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Archive for Saturday, August 5, 2000

Intent’ targets hit-man manual

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August 5, 2000

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Can a book kill? The flawed, but provocative TV drama, "Deliberate Intent" (7 p.m., Sunday, FX) explores the real-life case of a murder victim who successfully sued the publisher of a hit-man manual that served as a blueprint for a hideous crime. Timothy Hutton ("Ordinary People") stars as professor and attorney Rod Smolla, who helps pursue the publisher, Paladin Enterprises, despite his long career of defending First Amendment rights. He is cajoled into this activist stance by his dogged colleague, Howard Siegel (Ron Rifkin), who also finds the hit-man manual indefensible.

"Deliberate Intent" also teams two cop-show veterans, James McDaniel ("NYPD Blue") stars as Lt. Johnson, who hires a paid assassin, James Perry (Clark Johnson, "Homicide"), to kill his wife, his quadriplegic child and their baby sitter. Although saddled with some sub-par dialogue, McDaniel makes the most of his rich role as a cold-blooded former Motown recording executive who has few qualms about murdering his own family for monetary gain. Based on a book by Smolla, "Intent" takes an unabashed stand against the publisher's right to publish this questionable book, an argument that many viewers, including this one, could not entirely accept. Told largely in grim flashbacks to the crime, accompanied by a narrative provided by the actual manual, "Intent" never lacks in passion. What it does not provide is a rational argument as to how or why Smolla changed his stripes and embraced this case with so much passion.

  • OK, Anne Heche as a captain in the Marines is a bit of a stretch. She stars in "One Kill" (7 p.m., Sunday, Showtime, TV-14) as Capt. Mary Jane O'Malley, who stands trial for shooting a decorated war hero, Major Nelson Gray (Sam Shephard), after he breaks into her home and attacks her in her bedroom. While a civilian court cleared her of all charges, the Marine Corps brass seem determined to silence her, or imprison her for killing one of her own. A long, slow movie that unfolds in endless flashbacks, "One Kill" reveals O'Malley's romantic dalliance with Gray, a man more troubled that he first appears. But it fails to provide either her earnest lawyer (Eric Stoltz) or the TV audience with a clue as to her character or motivations. Shephard shines, or rather smolders, as a stoic Marine who unravels when reacquainted with passion.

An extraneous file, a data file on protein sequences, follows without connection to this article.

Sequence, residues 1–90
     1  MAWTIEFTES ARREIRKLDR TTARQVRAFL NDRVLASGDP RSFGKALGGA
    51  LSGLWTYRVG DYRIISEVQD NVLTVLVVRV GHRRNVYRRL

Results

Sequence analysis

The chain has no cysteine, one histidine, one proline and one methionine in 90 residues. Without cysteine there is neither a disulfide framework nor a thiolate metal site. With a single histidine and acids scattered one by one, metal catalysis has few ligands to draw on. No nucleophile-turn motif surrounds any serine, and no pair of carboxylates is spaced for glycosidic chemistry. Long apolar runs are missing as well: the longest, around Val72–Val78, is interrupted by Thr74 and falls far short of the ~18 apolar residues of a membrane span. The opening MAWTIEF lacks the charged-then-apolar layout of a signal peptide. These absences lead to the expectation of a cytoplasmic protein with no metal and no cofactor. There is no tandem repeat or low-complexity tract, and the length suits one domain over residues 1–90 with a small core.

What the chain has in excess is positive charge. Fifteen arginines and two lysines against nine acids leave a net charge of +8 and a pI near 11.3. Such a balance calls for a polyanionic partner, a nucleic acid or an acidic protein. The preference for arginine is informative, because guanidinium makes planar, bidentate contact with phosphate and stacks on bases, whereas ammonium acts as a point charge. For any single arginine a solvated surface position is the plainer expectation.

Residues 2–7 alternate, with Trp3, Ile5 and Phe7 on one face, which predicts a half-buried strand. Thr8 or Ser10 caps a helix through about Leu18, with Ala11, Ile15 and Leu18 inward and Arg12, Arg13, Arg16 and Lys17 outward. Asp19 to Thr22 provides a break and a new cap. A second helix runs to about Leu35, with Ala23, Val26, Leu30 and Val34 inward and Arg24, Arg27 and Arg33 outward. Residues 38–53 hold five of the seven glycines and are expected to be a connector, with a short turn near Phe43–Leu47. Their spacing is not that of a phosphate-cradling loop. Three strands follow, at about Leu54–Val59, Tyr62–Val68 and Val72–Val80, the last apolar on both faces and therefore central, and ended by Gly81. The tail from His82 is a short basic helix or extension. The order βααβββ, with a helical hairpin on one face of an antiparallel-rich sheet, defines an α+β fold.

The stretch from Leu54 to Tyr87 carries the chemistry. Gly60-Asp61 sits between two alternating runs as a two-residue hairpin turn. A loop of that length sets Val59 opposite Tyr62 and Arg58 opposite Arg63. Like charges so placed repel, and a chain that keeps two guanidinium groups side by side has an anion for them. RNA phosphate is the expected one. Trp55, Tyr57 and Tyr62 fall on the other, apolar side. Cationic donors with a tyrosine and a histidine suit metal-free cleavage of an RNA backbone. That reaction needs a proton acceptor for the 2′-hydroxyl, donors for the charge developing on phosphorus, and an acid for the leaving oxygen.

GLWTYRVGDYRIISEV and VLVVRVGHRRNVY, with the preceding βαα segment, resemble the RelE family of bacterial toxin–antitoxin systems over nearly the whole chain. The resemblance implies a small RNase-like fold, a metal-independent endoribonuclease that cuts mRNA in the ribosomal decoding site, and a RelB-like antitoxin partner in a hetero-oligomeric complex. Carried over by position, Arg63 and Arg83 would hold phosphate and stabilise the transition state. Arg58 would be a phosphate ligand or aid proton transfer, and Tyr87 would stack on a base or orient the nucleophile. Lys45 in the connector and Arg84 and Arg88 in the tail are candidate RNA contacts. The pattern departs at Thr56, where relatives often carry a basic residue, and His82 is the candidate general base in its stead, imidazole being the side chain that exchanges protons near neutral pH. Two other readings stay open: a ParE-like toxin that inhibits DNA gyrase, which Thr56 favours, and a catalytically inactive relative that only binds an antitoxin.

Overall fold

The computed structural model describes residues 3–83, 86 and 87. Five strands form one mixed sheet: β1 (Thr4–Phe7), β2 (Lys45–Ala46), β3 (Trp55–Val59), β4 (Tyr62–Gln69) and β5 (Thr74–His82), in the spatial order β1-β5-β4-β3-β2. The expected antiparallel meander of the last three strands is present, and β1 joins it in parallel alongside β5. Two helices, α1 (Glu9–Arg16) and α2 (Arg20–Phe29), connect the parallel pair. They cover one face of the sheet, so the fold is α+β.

Saturday's highlights

  • John Larroquette and Kimberly Williams star in the fantasy miniseries "The 10th Kingdom" (7 p.m., NBC, TV-14, part two of four).
  • John Henson hosts a repeat of "The Best Commercials You've Never Seen III" (9 p.m., ABC, TV-PG).
  • The Atlanta Falcons and Dallas Cowboys tangle in pre-season NFL action (9 p.m., ESPN).
  • Stand-up comedy on "Dave Chappelle: Killin' Them Softly" (10 p.m., HBO, TV-MA, L).

Sunday's highlights

  • Scheduled on "60 Minutes" (6 p.m., CBS): repeat reports on alternate educational programs; a secret intelligence-gathering agency; a profile of author Frank McCourt.
  • "The 10th Kingdom" continues (6 p.m., NBC, TV-14, part three of four).
  • Jason Scott Lee stars in the 1994 live action adaptation of "The Jungle Book" on "The Wonderful World of Disney" (6 p.m., ABC, TV-G).
  • Alan Alda hosts the new series, "Influences" (6:30 p.m., Eastern, Bravo, TV-PG) featuring TV veterans discussing the shows and performers who inspired them. Future segments will feature Roseanne, David Chase, Tyne Daly and Ray Romano.
  • A daughter (Kellie Martin) confronts a fateful choice about caring for her mentally challenged mother (Mary Steenburgen) in the 1998 TV drama, "About Sarah" (8 p.m., CBS, TV-PG).
  • Sylvester Stallone stars in the 1995 thriller, "Judge Dredd" (8 p.m., NBC, TV-14), based on the popular comic book character.
  • Richard Dreyfuss narrates the four-hour documentary special, "Dawn of Man" (8 p.m., TLC, concludes Monday, TV-PG) exploring 5 million years of human evolution
  • Sitcom secrets on "E! True Hollywood Story: Eight Is Enough" (8 p.m., E!). Make that more than enough.

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